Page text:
LS: There is no one initiative that helped us to deliver a 20% rise in half-yearly profit. Instead we showed great cost discipline right across our business,. We will continue to exercise this discipline and ensure that costs are in line with income and profit growth.

At the same time, we are also focusing on new ways to build our business. We were the first bank to facilitate a domestic renmimbi (RMB) trade settlement and the first to offer retail RMB structured products. Last year we launched the first ever Indian Depository Receipts (IDR) in Mumbai.

JS: Staff costs have steadily increased. Do you expect that to continue or will the bank curb those expenses?

LS: Our success in recent years is as a result of a clear strategy and tight cost discipline. We are committed to striking the right balance between making the most of the growth opportunities our markets present, at the same time managing our cost base closely, prioritizing investment and delivering continuous improvements in productivity.

JS: Are you worried about increasing competition in Asia for the best talent?

LS: One of the best sources of talent is our own backyard. We seek to develop people's unique strengths, provide the right technical and professional training combined with critical experiences to enable them to take up roles across our network that are not only in line with their career aspirations, but will also drive our growth.

Where required we will also seek to employ outside talent to complement our growth plans.

JS: What type of positions and across what industry areas are you looking to add? Is there one area in particular, such as consumer banking, that will do the bulk of the hiring or is it evenly spread across?

LS: In our consumer bank we continue to hire relationship managers following double-digit growth in Asia, and right across the globe due to the rise of the emerging affluent in key markets.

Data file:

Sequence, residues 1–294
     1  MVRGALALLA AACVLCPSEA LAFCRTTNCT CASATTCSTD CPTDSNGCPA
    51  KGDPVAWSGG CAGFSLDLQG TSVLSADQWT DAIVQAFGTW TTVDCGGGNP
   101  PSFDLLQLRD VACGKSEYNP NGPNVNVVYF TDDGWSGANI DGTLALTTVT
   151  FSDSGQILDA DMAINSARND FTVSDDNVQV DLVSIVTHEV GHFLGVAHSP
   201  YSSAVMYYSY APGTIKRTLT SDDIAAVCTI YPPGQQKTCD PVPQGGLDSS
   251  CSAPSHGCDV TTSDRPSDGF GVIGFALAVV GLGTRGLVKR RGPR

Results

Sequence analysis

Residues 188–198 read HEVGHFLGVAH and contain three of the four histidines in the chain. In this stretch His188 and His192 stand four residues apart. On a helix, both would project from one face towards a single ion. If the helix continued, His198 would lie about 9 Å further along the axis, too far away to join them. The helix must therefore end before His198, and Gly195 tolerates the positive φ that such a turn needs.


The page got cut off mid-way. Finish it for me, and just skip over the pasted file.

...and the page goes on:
In wholesale banking our client-facing teams are expanding to meet the demands of a growing client base, including local and global corporations.

JS: Do you recruit at both the undergraduate and graduate level?

LS: Standard Chartered seeks people from all backgrounds, with different levels of skills and experience. In particular our graduate programs are a key source of future leadership talent for the organization.

Our flagship graduate program, the International Graduate Programme, offers graduates the opportunity to fast track their career by providing the exposure and experience necessary to build a thriving career in banking.

Our two-year Management Associate Programme is aimed at recent MBAs wishing to develop a true understanding of their chosen field.

JS: What advice can you give Westerners who want to get a job with Standard Chartered in Asia?

LS: The rebalancing of the global economy toward Asia means most Asian-based companies are seeing increased interest from Westerners. Given our clear focus on emerging markets in Asia, Africa and the Middle East, we seek people who share our passion for and commitment to these markets.

We want candidates who have done their research on what we're doing and who want to sped some time with us across different markets. They need to understand the markets, the culture and have passion for emerging market banking. We look for people with local knowledge.

JS: Is it easy to transfer between Standard Chartered locations and is it encouraged? Is language and cultural training provided?

LS: We actively encourage people to pursue career opportunities across our network that are in line with their career aspirations, skills, experience and strengths. Opportunities range from short-term assignments aimed at offering critical experiences to permanent transfers.

Write to Julie Steinberg at Julie.Steinberg@dowjones.com